Thailand and Indonesia were barred from all international soccer by Asian soccer’s governing body on Friday following a farcical match in last month’s Tiger Cup in Vietnam.
Both had initially been fined $40,000 by the ASEAN Football Federation, the regional South East Asian body, after Indonesia scored a deliberate own goal to give Thailand a 3-2 victory in a group match both seemed determined to lose.
“I hope it (the ban) would not affect Thailand’s participation in the Asian Games. With fingers crossed, it might be a yellow card, lasting only a month,” Withaya, who quit along with the entire Thai management team after the match, told Reuters.
Bangkok is hosting the 13th Asian Games in December.
AFC general secretary Peter Velappan said in Kuala Lumpur on Friday the ban on international friendly and competitive matches for both nations would last until the issue was reviewed by the AFC executive committee in Lebanon on October 23.
The controversial match in Ho Chi Minh City on August 31 took place after both teams had previously said they did not want to win and face hosts Vietnam in the semifinals.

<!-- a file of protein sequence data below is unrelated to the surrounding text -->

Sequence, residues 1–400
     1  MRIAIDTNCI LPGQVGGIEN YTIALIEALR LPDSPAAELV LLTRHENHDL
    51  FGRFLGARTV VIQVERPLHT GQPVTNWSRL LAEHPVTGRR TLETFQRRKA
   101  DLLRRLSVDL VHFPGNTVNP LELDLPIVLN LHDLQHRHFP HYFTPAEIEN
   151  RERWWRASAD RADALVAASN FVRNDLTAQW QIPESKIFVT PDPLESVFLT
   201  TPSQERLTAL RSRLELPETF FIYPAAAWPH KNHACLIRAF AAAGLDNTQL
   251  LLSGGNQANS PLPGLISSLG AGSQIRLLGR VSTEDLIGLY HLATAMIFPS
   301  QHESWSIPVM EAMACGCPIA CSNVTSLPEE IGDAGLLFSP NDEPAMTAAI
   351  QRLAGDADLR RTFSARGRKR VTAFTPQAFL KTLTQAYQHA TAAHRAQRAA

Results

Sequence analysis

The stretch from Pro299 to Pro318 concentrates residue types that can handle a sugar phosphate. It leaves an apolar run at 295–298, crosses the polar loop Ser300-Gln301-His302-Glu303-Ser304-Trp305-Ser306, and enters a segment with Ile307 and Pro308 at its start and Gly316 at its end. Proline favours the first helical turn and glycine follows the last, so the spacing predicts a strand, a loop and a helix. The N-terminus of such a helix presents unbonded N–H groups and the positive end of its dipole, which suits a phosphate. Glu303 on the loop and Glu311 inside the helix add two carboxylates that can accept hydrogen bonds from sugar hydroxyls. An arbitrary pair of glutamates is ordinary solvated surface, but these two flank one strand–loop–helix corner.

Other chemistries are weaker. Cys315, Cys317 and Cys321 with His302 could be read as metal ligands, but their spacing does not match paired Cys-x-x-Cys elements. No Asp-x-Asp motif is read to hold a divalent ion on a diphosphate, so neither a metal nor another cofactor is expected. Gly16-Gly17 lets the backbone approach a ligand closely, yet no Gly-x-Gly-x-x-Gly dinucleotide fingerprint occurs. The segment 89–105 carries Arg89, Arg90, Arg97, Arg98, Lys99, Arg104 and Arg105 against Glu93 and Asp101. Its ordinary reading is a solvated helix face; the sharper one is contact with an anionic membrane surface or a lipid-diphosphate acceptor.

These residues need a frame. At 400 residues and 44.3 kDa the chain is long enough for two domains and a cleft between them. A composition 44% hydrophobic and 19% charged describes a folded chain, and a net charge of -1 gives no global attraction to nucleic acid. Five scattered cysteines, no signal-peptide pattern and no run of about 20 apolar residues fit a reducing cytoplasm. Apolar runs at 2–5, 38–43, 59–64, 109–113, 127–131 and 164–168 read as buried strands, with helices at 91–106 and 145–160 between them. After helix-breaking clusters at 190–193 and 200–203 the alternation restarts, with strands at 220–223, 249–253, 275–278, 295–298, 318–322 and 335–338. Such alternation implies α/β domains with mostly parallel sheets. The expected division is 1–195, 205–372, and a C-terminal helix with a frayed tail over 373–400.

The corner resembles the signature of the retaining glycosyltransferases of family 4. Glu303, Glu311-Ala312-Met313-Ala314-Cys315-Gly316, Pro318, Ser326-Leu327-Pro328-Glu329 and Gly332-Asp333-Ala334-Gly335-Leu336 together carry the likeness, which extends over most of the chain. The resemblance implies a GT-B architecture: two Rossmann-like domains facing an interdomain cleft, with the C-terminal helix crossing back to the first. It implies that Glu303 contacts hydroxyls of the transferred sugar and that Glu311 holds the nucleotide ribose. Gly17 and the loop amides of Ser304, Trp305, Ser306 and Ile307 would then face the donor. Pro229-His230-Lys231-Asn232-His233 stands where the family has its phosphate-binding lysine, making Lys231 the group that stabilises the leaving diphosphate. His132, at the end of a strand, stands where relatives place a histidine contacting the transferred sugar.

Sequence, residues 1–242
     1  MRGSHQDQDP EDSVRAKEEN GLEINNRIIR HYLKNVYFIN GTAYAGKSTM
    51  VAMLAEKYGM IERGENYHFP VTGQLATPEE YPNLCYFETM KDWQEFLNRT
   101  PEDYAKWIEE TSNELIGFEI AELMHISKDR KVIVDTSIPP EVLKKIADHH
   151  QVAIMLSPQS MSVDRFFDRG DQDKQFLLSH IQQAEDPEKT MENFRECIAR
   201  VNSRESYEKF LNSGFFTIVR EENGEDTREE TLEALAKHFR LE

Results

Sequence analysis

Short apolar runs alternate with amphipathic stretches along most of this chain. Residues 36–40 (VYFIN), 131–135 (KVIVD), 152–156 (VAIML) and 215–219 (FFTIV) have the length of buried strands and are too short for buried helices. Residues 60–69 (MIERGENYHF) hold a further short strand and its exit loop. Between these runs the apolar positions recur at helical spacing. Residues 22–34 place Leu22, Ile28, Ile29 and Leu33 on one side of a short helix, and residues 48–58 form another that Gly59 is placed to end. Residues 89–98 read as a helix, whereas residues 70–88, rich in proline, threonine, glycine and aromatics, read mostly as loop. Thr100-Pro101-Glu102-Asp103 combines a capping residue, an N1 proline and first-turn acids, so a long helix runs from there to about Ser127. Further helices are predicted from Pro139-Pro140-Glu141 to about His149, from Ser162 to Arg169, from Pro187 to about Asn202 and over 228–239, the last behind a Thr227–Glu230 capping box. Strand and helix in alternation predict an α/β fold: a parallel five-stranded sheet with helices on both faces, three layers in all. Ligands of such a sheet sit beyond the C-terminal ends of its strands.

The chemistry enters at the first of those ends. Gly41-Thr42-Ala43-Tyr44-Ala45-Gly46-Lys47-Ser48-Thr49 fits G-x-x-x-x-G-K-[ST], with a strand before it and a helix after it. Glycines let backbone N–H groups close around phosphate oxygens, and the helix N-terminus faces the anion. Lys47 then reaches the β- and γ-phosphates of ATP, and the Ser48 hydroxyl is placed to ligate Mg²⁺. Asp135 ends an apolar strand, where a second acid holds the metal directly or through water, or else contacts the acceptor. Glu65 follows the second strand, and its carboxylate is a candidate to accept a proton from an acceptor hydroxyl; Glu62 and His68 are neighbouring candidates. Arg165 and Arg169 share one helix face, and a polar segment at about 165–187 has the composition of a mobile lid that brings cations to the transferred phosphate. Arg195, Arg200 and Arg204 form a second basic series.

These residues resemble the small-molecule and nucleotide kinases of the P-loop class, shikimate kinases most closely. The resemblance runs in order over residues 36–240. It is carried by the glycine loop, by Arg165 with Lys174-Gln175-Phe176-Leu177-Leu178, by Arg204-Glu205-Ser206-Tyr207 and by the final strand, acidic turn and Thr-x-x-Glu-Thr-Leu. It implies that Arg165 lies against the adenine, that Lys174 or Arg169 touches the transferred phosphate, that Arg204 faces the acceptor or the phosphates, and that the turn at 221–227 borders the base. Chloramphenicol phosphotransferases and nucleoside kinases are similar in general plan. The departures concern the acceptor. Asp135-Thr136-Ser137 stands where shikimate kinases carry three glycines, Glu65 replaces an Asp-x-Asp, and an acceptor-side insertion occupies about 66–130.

Velappan said: “It was a case of deliberate match fixing by Indonesia and Thailand and this match brought gross disrepute to the game of football and also to the image of Asian football.”
The Bangkok Post said in an editorial: “The ban has given the Thai soccer authorities a much needed boot up the backside and hopefully they will learn from this painful lesson.
“Hopefully out of the ban will emerge a fresh approach from Thai soccer authorities. We want a team that can hold up their heads in pride and say ‘we did our best’ whatever the result.”
Ex-coach Withaya, a celebrated ace in the Thai national team in the 1970s and 1980s before he played professional soccer in Germany and Japan, was repentant but pleaded for understanding.
“I really regret what has happened…but it is a normal tactic for soccer teams to try everything to get themselves to advance as far as possible in a tournament. This is a lesson for us,” he said.